Tuesday, June 13, 2023
Amazon Flex drivers make deliveries of food and other goods, using their own vehicles, for Amazon.com. In February 2021, Drickey Jackson sued Amazon, seeking to represent a class of Amazon Flex drivers and alleging privacy violations. He claimed that Amazon wiretapped and monitored off-hours conversations among the drivers in private Facebook chat groups. The District Court held that, because the drivers did not have adequate notice of a 2019 update to Amazon Flex's terms of service (ToS), the parties were bound by the 2016 ToS. The arbitration provision in the 2016 ToS do not cover this dispute, and so the District Court denied Amazon Flex's motion to compel arbitration. In Jackson v. Amazon.com, Inc., the Ninth Circuit affirmed.
The 2016 ToS provided that Amazon Flex could modify the terms at any point simply by giving notice to drivers that it was doing so. By continuing to serve as drivers, the drivers accepted new terms.
Amazon may modify this Agreement, including the Program Policies, at any time by providing notice to you through the Amazon Flex app or otherwise providing notice to you . . . . If you continue to perform the Services or access Licensed Materials (including accessing the Amazon Flex app) after the effective date of any modification to this Agreement, you agree to be bound by such modifications.
The most relevant difference between the 2019 ToS and the 2016 ToS is that the former provided that questions of arbitrability were to be determined by the arbiter. Because Amazon provided neither the e-mail that purported to alert Mr. Jackson to the new ToS nor evidence that it was delivered to Mr. Jackson, the District Court held that the 2016 ToS applied. Amazon had the burden of showing that Mr. Jackson had assented to the new terms, and it did not meet its burden. The Ninth Circuit agreed.
The Ninth Circuit, per Senior Judge Schroeder (left), also rejected Amazon's alternative argument that Mr. Jackson was bound because the new ToS were on the Amazon Flex app, and he was obligated under the 2016 ToS to check the app for updates. Citing the new Restatement of Consumer Contracts Law and its prior decisions, the Ninth Circuit noted that assent requires both reasonable notice of a term and a reasonable opportunity to reject. Generalized notice that new terms might be coming are not enough. This is the first citation to the new Restatement that I have seen, and it is exciting to see it!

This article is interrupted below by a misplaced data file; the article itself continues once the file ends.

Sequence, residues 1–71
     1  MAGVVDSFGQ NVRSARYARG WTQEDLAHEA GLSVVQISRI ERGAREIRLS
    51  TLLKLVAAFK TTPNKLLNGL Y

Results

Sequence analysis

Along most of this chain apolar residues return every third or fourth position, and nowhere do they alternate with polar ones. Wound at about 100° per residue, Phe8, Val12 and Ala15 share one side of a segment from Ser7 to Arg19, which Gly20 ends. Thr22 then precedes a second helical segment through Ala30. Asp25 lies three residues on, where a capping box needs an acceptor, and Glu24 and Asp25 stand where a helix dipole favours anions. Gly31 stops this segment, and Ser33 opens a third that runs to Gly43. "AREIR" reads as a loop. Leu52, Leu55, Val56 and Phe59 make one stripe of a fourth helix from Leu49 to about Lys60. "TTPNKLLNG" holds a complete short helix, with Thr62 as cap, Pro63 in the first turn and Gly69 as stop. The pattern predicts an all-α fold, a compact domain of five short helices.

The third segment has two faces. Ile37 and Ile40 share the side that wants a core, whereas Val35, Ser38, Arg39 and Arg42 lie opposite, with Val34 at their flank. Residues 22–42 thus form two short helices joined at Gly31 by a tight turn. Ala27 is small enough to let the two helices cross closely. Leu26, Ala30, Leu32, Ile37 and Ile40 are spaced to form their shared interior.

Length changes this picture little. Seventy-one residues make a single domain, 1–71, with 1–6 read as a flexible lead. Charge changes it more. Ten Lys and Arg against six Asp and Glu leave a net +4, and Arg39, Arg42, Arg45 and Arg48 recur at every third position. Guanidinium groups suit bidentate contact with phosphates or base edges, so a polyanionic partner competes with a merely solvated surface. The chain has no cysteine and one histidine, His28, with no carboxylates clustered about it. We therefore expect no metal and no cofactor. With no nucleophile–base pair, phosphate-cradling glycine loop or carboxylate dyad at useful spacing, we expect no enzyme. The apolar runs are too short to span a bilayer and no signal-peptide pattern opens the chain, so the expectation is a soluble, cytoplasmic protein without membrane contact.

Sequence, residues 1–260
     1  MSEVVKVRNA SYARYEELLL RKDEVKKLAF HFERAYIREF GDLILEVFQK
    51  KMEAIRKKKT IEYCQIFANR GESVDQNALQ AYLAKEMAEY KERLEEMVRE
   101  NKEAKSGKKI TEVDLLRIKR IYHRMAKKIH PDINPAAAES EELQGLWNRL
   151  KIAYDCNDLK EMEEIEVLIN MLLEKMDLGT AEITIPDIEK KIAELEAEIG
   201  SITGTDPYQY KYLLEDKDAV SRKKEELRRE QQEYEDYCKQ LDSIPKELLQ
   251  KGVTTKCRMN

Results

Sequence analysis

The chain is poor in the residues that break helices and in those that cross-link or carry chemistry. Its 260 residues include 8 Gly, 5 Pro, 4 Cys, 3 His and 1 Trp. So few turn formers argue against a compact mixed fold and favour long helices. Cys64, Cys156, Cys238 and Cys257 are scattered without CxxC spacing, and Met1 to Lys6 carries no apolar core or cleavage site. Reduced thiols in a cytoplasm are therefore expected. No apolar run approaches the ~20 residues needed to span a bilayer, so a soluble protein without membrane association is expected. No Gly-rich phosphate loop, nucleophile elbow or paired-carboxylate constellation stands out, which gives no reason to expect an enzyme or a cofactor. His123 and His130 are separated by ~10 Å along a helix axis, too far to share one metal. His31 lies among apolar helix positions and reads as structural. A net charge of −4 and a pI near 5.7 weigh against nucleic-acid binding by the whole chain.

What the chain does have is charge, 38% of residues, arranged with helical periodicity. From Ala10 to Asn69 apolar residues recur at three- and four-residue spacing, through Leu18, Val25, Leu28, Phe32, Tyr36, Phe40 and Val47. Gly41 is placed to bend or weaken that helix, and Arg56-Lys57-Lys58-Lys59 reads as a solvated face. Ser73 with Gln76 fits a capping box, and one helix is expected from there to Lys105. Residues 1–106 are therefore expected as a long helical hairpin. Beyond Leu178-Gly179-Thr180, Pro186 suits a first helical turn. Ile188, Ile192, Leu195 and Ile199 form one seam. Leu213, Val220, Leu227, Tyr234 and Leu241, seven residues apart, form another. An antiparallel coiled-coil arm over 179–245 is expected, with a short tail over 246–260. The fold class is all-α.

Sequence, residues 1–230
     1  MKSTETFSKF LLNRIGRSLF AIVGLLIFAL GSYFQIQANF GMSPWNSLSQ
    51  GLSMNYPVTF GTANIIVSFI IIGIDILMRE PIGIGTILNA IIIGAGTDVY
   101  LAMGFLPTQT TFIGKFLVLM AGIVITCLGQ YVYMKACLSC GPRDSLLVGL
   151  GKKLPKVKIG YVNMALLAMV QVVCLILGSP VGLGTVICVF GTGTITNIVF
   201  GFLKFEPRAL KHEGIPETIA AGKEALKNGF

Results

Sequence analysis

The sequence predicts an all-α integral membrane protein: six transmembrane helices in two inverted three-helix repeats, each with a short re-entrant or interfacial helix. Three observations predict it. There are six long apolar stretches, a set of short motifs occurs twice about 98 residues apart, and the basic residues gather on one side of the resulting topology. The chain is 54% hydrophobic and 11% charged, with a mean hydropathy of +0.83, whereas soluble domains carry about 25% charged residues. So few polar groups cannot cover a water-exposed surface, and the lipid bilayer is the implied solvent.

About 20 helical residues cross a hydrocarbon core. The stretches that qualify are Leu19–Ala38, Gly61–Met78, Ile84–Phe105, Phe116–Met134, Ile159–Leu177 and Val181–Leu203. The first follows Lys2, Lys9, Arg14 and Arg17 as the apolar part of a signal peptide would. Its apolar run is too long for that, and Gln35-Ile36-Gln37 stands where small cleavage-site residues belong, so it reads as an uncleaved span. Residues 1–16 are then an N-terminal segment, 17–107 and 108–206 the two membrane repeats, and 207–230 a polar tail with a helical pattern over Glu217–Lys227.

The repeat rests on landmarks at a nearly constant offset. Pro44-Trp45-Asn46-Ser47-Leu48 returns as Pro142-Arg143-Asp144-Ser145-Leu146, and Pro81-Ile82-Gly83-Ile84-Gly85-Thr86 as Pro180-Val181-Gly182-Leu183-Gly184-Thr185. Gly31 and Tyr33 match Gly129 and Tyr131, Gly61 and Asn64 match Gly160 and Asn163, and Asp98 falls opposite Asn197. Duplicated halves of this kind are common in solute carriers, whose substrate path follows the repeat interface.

The District Court then determined that the conduct alleged was not covered by the arbitration provision, which covered that "any dispute or claim . . . arising out of or relating in any way to this Agreement, including . . . participation in the program or . . . performance of services." The Ninth Circuit again agreed.
If first noted that the complaint did not make any claims relating to the drivers' contractual relationship with Amazon. Rather, it alleged violations of federal and state law. Attentive readers might here be expecting a reference to David Horton and his article, Infinite Arbitration Clauses, which, as we noted, was relevant to the Southern District's decision in Davitashvili v. Grubhub. You will be disappointed. C'mon Ninth Circuit, he's in your jurisdiction! Nevertheless, the same reasoning applies. Even when an arbitration provision is very broad, in order to be applicable, the factual allegations of the complaint must "touch matters covered by the contract containing the arbitration clause." Here they don't. People who were not Amazon Flex drivers were allowed to join the Facebook groups. According to the complaint, Amazon violated those non-drivers' state and federal privacy rights as well. The factual allegations do not relate to the contract that contains the ToS.
Senior Judge Graber (right) who was born in Oklahoma City dissented from the denial of the motion to compel arbitration, arguing that the broad arbitration clause in the 2016 ToS did indeed cover the dispute. In her view, the only requirement is that the dispute "touch matters" covered by the 2016 agreement. According to the complaint, Amazon was motivated by its desire to monitor its drivers and to learn what it could about their conversations relating to work conditions, unionizing, and strikes, among other things. The dissent does not seem to believe that anybody other than drivers were able to access the chat group and dismisses as speculative the idea that non-driver union officials or spouses might have been on the chat. The majority responds that this reasoning confuses Amazon's motives with the nature of plaintiffs' claims.
Moreover, it is not entirely clear to Judge Graber that the claims do not raise claims of contractual interpretation. It is entirely possible that the ToS entail some sort of consent that Amazon engage in some monitoring of its drivers . As creepy and unsettling as she acknowledges the alleged conduct is, Judge Graber would dismiss the suit and compel arbitration.